In addition to these differences in rating scales, several types of depressive symptoms often coincide throughout the spectrum of cognitive impairment (25, 55, 56). For example, motivational symptoms may overlap with apathy (57, 58) or sedative side effects of psychotropic drugs (9, 59). Vegetative symptoms (60) of depression such as weight loss or other bodily upsets may mimic common somatic issues in the elderly, and vice versa (61). Mood disturbances may also be reactional to a diagnosis of cognitive decline [although this is certainly not a universal reaction (62)], being hospitalized and/or moving to a nursing home, etc. All of these may influence the results and interpretation of rating scales assessing several physical (more prominent in the CSDD) and mental (more prominent in the GDS-30) symptoms associated with a depressive syndrome.
There are no differences when using the F cluster of Behave-AD, which consists of an item evaluating tearfulness and an item concerning suicidal thoughts or actions. These may be insensitive as sole markers of depressive symptoms when compared to scales with items assessing more aspects of the depressive syndrome as mentioned above (63, 64).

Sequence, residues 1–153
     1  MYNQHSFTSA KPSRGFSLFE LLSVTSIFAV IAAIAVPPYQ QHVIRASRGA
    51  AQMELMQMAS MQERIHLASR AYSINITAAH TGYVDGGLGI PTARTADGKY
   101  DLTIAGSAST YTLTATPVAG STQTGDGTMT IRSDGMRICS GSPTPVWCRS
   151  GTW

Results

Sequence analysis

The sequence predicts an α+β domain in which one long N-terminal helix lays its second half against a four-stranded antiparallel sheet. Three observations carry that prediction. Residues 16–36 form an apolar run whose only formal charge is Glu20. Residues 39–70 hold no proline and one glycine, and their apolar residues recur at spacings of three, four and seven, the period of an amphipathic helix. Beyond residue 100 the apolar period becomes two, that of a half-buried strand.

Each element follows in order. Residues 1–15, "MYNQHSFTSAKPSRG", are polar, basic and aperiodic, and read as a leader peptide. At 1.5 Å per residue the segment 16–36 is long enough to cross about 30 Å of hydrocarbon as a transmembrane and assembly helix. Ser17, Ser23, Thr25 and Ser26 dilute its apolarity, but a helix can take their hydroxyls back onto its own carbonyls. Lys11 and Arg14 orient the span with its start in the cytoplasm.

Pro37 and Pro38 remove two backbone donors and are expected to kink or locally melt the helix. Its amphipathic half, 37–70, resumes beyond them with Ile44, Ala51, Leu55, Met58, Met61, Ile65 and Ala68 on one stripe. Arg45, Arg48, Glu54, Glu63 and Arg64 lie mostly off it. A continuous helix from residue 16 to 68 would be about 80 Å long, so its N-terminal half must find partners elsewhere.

We found anxiety to be more frequent in MCI patients as compared to advancing stages of dementia. In combination with a relatively high burden of depressive symptoms compared to other neuropsychiatric symptoms (which are rare in MCI), this may reflect the presence of psychiatric disorders as comorbid with MCI (65, 66). Indeed, as major psychiatric disorders as cause of cognitive impairment were an exclusion criterion and as the clinical–diagnostic evaluation was made by a multidisciplinary team consisting of—among others—experienced cognitive neurologists and neuropsychologists, it is unlikely that subjects suffering from major psychiatric disorders (such as clinical depression or anxiety disorders) would have been included. Nevertheless, distinguishing new neuropsychiatric symptoms of degenerative brain disease from preexisting (mild or subsyndromal) psychiatric issues remains challenging (67). Additionally, MCI patients undergoing a diagnostic process of cognitive decline may experience worries about the future (68, 69). As discussed earlier, some authors have suggested that these symptoms may be prodromal to degenerative disease (25, 70, 71) and may wane over time as the underlying brain disease progresses (27). We could not confirm a strongly decreasing trajectory of any neuropsychiatric symptom in this study.